“There was no possibility of defense, the investigations were also carried out in Italy without any formal authorization,” he explained. “I don’t have a letter of dismissal in my hand. I was basically thrown out from one day to the next on the basis of anonymous letters and accusations that I can fully deny (and which I did by writing to the Pope a few days after meeting him). I have never received a reply or a chance to defend myself.”

Former Vatican official Vik van Brantegem, who edits the website, has drawn attention to Hasler’s story, as has the Vaticanist Marco Tosatti.

Hasler’s position in the Governorate was highly significant “because the Vatican obtains all of its income for its operating budget from the Governorate’s operation of the Vatican Museums, the Vatican City’s ‘Annona’ supermarket, and sales at the Vatican Post Office,” noted Tosatti, who described the dismissal as  “another case of an honest, professionally prepared layman, generous in his service, thrown out because his work bothered some — or more — obscure and not very admissible interest of some prelate.”

According to Tosatti, the individual whose ambitions were responsible for Hasler’s dismissal was Msgr. Paolo Nicolini, a senior Governorate official “who controlled all of the administration of the Vatican Museums (the strongest source of income).”

Archbishop Carlo Viganò, who as the general secretary of the Governorate was Hasler’s superior around the year 2010, described him to the Register as “very honest” and the “only official able to confront” Msgr. Nicolini.
Similar Incidents

Other similar but high-profile cases of dismissal without reason or due process, and where the individual also received no compensation, include Ettore Gotti Tedeschi, the former president of the Vatican Bank under Benedict XVI, suddenly dismissed in 2012 as he was trying to increase transparency by implementing new anti-money laundering rules.

Despite Rome judges acquitting Gotti Tedeschi in 2015 of money laundering allegations and ruling that he was serving the good of the Church, the Italian financier said the Church remained “indifferent” to his situation.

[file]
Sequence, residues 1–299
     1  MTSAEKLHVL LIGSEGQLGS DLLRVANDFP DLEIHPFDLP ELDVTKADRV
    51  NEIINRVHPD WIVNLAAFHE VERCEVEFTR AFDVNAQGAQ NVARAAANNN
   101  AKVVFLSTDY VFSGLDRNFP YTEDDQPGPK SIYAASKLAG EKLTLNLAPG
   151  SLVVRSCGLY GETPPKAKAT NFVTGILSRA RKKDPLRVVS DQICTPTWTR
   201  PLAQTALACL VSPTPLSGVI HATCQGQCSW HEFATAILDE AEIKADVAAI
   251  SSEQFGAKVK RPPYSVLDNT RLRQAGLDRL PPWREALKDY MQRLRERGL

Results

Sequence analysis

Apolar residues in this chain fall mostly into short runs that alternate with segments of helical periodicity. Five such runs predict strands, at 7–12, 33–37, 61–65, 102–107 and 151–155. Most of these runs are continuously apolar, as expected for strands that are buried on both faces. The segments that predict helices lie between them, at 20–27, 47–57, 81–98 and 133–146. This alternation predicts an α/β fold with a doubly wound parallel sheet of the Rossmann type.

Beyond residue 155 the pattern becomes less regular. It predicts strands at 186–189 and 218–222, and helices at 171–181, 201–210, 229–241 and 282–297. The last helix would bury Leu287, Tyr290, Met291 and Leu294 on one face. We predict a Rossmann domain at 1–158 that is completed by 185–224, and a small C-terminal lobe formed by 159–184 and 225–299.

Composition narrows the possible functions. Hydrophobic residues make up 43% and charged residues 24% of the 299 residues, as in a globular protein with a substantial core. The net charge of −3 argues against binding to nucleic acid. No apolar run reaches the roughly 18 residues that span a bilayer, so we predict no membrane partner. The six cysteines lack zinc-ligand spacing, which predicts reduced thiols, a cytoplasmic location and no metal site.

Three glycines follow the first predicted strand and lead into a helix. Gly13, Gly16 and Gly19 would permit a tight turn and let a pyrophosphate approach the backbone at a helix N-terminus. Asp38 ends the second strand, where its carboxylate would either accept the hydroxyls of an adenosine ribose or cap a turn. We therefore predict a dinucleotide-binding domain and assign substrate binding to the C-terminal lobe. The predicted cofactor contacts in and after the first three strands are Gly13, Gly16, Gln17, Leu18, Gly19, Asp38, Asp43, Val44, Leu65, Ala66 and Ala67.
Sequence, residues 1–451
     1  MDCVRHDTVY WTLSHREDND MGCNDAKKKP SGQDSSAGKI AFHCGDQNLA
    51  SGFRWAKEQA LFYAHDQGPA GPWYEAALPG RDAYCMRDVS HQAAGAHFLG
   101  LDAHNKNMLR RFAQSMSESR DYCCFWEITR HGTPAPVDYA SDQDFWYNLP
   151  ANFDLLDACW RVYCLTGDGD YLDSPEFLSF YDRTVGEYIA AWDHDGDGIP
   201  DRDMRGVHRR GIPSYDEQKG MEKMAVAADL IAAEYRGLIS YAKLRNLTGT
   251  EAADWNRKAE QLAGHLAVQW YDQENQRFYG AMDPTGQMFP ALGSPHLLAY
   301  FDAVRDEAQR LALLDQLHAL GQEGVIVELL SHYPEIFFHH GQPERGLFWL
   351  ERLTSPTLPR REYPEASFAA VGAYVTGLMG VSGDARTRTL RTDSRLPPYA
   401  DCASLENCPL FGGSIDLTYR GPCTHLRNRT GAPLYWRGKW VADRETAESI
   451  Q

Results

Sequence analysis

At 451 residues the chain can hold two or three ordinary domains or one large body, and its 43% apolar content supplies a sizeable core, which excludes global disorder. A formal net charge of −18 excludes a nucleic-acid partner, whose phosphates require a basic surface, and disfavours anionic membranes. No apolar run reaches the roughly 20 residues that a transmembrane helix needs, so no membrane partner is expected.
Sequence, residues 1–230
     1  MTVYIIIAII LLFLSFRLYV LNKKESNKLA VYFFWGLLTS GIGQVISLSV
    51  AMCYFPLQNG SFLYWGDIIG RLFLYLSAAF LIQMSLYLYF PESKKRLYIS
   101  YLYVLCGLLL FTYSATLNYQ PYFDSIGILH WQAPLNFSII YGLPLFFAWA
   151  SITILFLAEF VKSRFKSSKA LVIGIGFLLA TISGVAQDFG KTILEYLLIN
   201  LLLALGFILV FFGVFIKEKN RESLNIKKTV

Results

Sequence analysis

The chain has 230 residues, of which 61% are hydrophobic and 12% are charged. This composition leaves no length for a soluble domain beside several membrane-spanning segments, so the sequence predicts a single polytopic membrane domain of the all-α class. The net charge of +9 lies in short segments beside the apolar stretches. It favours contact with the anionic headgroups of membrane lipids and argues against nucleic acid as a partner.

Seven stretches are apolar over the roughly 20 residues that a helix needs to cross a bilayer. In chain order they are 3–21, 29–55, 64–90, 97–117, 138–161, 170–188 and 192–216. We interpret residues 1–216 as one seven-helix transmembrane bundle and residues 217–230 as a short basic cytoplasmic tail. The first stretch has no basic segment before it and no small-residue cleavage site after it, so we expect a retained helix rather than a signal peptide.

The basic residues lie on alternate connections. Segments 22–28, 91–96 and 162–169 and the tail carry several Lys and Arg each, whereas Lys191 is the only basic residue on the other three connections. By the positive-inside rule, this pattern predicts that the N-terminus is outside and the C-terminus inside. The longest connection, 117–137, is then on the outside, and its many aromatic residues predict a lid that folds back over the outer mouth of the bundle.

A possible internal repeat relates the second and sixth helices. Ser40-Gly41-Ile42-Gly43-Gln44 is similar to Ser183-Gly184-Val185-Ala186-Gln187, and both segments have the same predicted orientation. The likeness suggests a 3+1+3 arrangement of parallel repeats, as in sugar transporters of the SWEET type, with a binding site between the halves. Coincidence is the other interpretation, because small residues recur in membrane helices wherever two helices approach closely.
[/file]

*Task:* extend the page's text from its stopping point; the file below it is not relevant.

A more recent case is that of the Vatican’s first auditor general Libero Milone, who in 2017 said he was framed, unlawfully dismissed, and then had charges dropped against him a year later by the Vatican. Milone, who believes he was forced out because he was venturing into areas of corruption, remains without work despite an illustrious and unblemished career as an auditor and management consultant.

And most recently among a long list of similar cases was the firing in April of five officials connected with the dubious London property deal without waiting for the conclusion of their trials.    
The Register asked the Holy See Press Office if any of these former officials had received compensation or any form of restitution following their dismissals, but did not receive a reply prior to publication of this article.

The Register also asked the Vatican Secretary of State, Cardinal Pietro Parolin, for his views on criticisms of management and financial practices in the Vatican, and whether he was in favor of establishing some kind of independent personnel directorate to help protect employees’ rights, but he said he did not wish to answer.
What Is Needed?

The creation of such a personnel directorate — a mainstay of most corporations but absent in the Vatican — is often a solution proposed by officials and ex-officials to defend their rights as employees.

In March, the Vatican announced it had created a personnel office, only for the news to be retracted three days later, perhaps pointing to how disruptive and contentious such a department would be to longstanding management practices.

But even if such an office were put in place, not everyone is convinced it would help remove or minimize financial corruption.

“The Curia doesn’t need an adversarial employment tribunal to solve things,” said Matthew O’Brien, a Philadelphia-based Catholic analyst who advocates for financial reform in the Church. “Financial reform is not complicated.”
What is needed, O’Brien believes, is a full independent audit by the Vatican’s auditor general (a post that has been filled only temporarily since Milone’s ouster in 2017), and the “internationalization of curial staff” in the Vatican’s financial departments most susceptible to malpractice, “drawn from faithful, experienced, accomplished lay professionals.”